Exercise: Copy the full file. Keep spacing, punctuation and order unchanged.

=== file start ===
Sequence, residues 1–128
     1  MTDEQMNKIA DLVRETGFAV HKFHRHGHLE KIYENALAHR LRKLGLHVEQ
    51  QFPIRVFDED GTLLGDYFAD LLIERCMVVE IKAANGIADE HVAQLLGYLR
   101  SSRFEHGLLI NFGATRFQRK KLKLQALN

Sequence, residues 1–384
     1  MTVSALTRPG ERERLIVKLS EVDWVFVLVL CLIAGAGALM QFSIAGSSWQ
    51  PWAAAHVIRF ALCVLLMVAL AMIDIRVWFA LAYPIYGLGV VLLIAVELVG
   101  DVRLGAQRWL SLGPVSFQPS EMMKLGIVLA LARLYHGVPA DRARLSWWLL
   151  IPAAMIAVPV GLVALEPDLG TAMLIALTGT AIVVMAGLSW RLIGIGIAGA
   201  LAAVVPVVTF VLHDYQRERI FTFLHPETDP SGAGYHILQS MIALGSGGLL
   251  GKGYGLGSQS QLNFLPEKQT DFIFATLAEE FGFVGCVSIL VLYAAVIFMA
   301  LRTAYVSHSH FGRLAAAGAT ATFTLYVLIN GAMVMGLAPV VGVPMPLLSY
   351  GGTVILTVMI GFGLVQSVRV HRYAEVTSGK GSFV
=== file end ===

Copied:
Sequence, residues 1–128
     1  MTDEQMNKIA DLVRETGFAV HKFHRHGHLE KIYENALAHR LRKLGLHVEQ
    51  QFPIRVFDED GTLLGDYFAD LLIERCMVVE IKAANGIADE HVAQLLGYLR
   101  SSRFEHGLLI NFGATRFQRK KLKLQALN

Sequence, residues 1–384
     1  MTVSALTRPG ERERLIVKLS EVDWVFVLVL CLIAGAGALM QFSIAGSSWQ
    51  PWAAAHVIRF ALCVLLMVAL AMIDIRVWFA LAYPIYGLGV VLLIAVELVG
   101  DVRLGAQRWL SLGPVSFQPS EMMKLGIVLA LARLYHGVPA DRARLSWWLL
   151  IPAAMIAVPV GLVALEPDLG TAMLIALTGT AIVVMAGLSW RLIGIGIAGA
   201  LAAVVPVVTF VLHDYQRERI FTFLHPETDP SGAGYHILQS MIALGSGGLL
   251  GKGYGLGSQS QLNFLPEKQT DFIFATLAEE FGFVGCVSIL VLYAAVIFMA
   301  LRTAYVSHSH FGRLAAAGAT ATFTLYVLIN GAMVMGLAPV VGVPMPLLSY
   351  GGTVILTVMI GFGLVQSVRV HRYAEVTSGK GSFV